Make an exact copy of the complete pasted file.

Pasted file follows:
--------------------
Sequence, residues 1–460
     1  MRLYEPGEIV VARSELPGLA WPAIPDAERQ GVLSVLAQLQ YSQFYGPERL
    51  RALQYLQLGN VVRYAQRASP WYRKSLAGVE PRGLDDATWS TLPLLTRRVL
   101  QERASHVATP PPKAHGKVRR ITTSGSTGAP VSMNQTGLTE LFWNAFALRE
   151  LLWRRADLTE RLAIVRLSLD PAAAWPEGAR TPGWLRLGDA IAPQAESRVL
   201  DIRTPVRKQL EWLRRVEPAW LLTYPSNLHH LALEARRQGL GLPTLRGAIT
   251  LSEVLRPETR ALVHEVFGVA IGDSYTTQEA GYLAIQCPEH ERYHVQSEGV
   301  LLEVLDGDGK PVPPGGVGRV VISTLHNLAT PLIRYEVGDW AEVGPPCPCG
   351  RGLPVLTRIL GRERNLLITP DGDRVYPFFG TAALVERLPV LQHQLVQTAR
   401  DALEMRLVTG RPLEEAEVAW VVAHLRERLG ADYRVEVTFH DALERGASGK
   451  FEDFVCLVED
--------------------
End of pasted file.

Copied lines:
Sequence, residues 1–460
     1  MRLYEPGEIV VARSELPGLA WPAIPDAERQ GVLSVLAQLQ YSQFYGPERL
    51  RALQYLQLGN VVRYAQRASP WYRKSLAGVE PRGLDDATWS TLPLLTRRVL
   101  QERASHVATP PPKAHGKVRR ITTSGSTGAP VSMNQTGLTE LFWNAFALRE
   151  LLWRRADLTE RLAIVRLSLD PAAAWPEGAR TPGWLRLGDA IAPQAESRVL
   201  DIRTPVRKQL EWLRRVEPAW LLTYPSNLHH LALEARRQGL GLPTLRGAIT
   251  LSEVLRPETR ALVHEVFGVA IGDSYTTQEA GYLAIQCPEH ERYHVQSEGV
   301  LLEVLDGDGK PVPPGGVGRV VISTLHNLAT PLIRYEVGDW AEVGPPCPCG
   351  RGLPVLTRIL GRERNLLITP DGDRVYPFFG TAALVERLPV LQHQLVQTAR
   401  DALEMRLVTG RPLEEAEVAW VVAHLRERLG ADYRVEVTFH DALERGASGK
   451  FEDFVCLVED